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What happened here was that Younes recieved a long ball from the defended that he controlled badly. This prompt Clyne to charge towards the ball and get drawn into the middle of the pitch, as seen below.

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Mane drops deep quickly to try and cover for Clyne, but its too late as Younes is completely open for a simple pass. Meanwhile, pay attention to how narrow the position of my left back was and how space opened up for Ajax’s right winger, Ziyech. Their stiker, Dolberg, is doing well to find space between my center halves, as the right-sided CB moves to cover space vacanted by Clyne. Eventually, Younes cuts inside a makes a cool curled pass toward Ziyech who cross the ball to a completely unmarked Dolberg who only have to tap it in. Not our finest moment.

This goal was avoidable, but for now, it is not something that worries me too much. Clyne tried to close down that ball because I told him so. Playing a pressing game can be a great way of defending, but it can leave you open at times and this will probably not be the only goal we would concede in such circumstances. The natural narrow position of a left back in this situation also raised the point of me looking at left backs for the next transfer window (if that wasn’t obvious enough). Normally, a pacey, more agile left-back would have intercepted that pass from Younes, as it was slightly overhit in an angle that made easier to defend. Milner was near, and for all his willingness was close, but not enough to beat Ziyech to it.

Moving on to the Leicester match, in which plan B also came to use. What frustrated me about this was that this match was ours, but both of their goals came from individual errors rather than anything else. The first goal was actually comedic, the sort of goal only Liverpool can concede. They sent a long throw that Mignolet flapped and Vardy was quick to pounce on it and score. The second one was a proper Leicester goal, a briliant counter attack aided by another error from the usually reliable Nathaniel Clyne.

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Roberto Firmino was caught in Leicester half by Robert Huth who quickly hoofs the ball towards his strikers. Notice the advanced positioning of our fullbacks and how their wingers were ahead of them- thats the dangers of counter attacks.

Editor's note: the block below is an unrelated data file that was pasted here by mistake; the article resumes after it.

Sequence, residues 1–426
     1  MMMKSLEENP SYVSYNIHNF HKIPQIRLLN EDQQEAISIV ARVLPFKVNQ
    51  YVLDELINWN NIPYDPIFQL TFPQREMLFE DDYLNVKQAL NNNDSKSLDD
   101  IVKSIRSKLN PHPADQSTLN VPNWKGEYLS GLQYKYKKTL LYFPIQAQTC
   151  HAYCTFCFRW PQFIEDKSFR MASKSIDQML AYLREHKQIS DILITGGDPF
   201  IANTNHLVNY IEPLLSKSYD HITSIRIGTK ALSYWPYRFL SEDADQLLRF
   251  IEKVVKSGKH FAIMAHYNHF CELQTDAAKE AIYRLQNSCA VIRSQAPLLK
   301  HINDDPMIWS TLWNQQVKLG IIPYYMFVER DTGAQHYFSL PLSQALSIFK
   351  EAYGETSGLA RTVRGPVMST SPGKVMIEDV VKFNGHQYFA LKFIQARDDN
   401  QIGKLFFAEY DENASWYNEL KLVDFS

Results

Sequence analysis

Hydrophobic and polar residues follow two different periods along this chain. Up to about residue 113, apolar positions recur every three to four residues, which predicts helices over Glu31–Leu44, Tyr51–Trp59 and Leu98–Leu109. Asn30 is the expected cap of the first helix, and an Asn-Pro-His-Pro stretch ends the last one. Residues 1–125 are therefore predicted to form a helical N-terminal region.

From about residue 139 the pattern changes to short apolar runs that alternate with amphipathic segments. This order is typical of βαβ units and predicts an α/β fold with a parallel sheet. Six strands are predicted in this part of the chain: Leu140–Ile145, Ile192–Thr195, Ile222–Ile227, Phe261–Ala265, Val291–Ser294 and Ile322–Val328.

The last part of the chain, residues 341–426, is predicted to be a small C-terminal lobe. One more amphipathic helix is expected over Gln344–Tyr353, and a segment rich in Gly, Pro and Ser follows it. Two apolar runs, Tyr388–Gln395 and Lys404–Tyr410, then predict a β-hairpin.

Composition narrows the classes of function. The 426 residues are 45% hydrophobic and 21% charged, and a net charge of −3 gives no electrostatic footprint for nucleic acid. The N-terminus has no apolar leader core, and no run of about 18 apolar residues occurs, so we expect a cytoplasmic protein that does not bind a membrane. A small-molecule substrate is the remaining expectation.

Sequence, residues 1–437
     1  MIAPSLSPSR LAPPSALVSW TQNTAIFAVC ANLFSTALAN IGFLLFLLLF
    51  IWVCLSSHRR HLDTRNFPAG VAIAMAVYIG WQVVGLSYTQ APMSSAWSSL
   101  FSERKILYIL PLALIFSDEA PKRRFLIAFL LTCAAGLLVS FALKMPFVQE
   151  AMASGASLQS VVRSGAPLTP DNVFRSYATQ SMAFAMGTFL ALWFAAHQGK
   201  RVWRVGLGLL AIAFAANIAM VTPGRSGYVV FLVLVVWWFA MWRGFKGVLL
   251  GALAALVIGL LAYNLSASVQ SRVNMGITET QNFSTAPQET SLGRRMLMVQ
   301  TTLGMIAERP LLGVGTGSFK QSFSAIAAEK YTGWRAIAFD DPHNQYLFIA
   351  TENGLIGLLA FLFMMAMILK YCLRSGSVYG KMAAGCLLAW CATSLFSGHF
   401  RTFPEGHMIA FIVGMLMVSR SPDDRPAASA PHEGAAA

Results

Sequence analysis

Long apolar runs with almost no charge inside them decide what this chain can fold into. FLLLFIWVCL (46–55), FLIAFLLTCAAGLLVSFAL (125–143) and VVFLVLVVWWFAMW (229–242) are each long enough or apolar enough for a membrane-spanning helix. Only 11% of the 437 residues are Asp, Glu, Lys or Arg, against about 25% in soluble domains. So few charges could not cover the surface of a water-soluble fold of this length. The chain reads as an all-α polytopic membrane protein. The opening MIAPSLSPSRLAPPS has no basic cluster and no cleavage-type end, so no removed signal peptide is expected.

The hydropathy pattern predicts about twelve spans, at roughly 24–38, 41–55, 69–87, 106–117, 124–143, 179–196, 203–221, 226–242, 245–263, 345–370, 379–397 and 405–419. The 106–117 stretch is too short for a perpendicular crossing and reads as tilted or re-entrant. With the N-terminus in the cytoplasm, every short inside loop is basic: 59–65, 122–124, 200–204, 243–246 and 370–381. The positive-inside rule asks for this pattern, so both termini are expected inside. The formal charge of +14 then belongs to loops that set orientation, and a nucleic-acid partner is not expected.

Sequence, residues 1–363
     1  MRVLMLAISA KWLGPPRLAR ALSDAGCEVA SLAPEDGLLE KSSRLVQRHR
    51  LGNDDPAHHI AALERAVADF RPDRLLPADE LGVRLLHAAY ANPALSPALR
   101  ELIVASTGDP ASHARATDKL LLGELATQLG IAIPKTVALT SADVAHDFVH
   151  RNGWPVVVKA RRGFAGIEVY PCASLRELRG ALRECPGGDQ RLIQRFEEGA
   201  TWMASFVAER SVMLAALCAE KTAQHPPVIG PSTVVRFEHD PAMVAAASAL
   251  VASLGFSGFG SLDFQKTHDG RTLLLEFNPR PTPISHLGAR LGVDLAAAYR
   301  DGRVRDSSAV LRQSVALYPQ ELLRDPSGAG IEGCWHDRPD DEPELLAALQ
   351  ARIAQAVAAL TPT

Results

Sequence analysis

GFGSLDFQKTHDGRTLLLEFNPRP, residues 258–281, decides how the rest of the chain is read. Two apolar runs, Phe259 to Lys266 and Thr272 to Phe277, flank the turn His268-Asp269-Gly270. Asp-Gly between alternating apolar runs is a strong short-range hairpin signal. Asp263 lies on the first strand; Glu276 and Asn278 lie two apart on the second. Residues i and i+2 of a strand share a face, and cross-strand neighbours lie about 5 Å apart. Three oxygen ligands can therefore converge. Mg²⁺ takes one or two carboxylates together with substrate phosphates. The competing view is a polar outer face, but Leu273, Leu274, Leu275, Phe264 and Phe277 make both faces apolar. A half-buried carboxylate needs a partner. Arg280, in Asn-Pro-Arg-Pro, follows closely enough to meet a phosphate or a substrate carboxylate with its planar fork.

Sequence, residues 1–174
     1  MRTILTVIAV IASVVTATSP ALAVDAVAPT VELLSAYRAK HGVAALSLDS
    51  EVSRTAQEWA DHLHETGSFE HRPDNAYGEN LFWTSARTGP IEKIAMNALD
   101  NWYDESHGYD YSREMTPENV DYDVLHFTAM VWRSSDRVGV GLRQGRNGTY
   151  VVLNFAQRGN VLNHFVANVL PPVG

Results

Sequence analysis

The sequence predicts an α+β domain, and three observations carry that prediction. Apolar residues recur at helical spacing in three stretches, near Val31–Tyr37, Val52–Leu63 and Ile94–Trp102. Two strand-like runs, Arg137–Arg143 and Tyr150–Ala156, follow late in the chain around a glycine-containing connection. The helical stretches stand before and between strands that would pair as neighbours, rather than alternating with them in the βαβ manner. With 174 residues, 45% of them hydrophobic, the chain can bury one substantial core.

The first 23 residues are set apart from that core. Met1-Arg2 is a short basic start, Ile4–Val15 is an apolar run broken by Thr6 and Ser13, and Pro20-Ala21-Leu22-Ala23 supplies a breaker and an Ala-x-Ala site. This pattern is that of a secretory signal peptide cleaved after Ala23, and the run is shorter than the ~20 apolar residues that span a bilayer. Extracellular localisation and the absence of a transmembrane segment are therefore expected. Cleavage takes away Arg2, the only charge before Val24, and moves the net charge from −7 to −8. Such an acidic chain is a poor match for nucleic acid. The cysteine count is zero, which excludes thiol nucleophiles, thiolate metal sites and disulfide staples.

Vardy beats Lovren to the ball and lay it off to Musa. Gray makes a good inside run as he becomes the pass option to advance the counter attack. Clyne is an example of a quick full back and he manages to recover his position, but this eventually became our downfall.

Disappointing finish to a match we had won. This happened on the 85th minute, when we had our defensive strategy on. It worries me that both fullbacks were caught so high up the pitch when this happened. They were crucial to how we attacked in this match, especially the second goal which was assisted by Alberto Moreno, but when we drop to a more deep, less riskey position, it might be worth setting one of them as FB to offer more balance. It is a matter of risk vs. reward again, and I don’t want my defensive strategy to be completely devoided from risk taking, but in this sort of situation, where we are holding on a lead late in a match, it could be a viable option.

Bar this two matches, we only conceded 3 in 6. Again, not padding myself on the shoulder as we generally played much weaker sides, but even against Roma we defended well. We forced them to take many long shots and thats the way they scored against us- a long shot that Migs couldn’t get a hold on and Salah was quick enough to get on the rebound. The two goals scored against us by Bohemians Praha are irrelevant as they came after we put 5 past them in the first half, and our back four was the fearsom combination of Moreno-Klavan-Illori-Randall (defense to rival BBC).

At the end of the day, the only pattern that shoud concern me is individual errors by my defenders, but that part is actually mimmicks real like quite well, so good on me for achieving that :D. Besides that, the sort of play I’m trying to recreate is a generally offensive one, and no team can attack without leaving out space that could be used by the opposition. I’d live with conceding a goal if our attacking plan works good enough that we score twice.